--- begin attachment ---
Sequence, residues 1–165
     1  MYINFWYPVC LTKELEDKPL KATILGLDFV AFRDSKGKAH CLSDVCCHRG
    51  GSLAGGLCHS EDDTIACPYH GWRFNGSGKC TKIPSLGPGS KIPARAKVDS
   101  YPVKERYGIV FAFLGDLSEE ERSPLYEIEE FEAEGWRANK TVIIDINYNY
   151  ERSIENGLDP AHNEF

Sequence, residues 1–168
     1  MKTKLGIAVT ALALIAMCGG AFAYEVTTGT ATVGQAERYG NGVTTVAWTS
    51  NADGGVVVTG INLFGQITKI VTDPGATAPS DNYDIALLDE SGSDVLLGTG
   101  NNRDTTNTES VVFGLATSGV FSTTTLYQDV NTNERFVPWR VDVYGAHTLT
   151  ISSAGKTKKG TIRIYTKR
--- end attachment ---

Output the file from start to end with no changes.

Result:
Sequence, residues 1–165
     1  MYINFWYPVC LTKELEDKPL KATILGLDFV AFRDSKGKAH CLSDVCCHRG
    51  GSLAGGLCHS EDDTIACPYH GWRFNGSGKC TKIPSLGPGS KIPARAKVDS
   101  YPVKERYGIV FAFLGDLSEE ERSPLYEIEE FEAEGWRANK TVIIDINYNY
   151  ERSIENGLDP AHNEF

Sequence, residues 1–168
     1  MKTKLGIAVT ALALIAMCGG AFAYEVTTGT ATVGQAERYG NGVTTVAWTS
    51  NADGGVVVTG INLFGQITKI VTDPGATAPS DNYDIALLDE SGSDVLLGTG
   101  NNRDTTNTES VVFGLATSGV FSTTTLYQDV NTNERFVPWR VDVYGAHTLT
   151  ISSAGKTKKG TIRIYTKR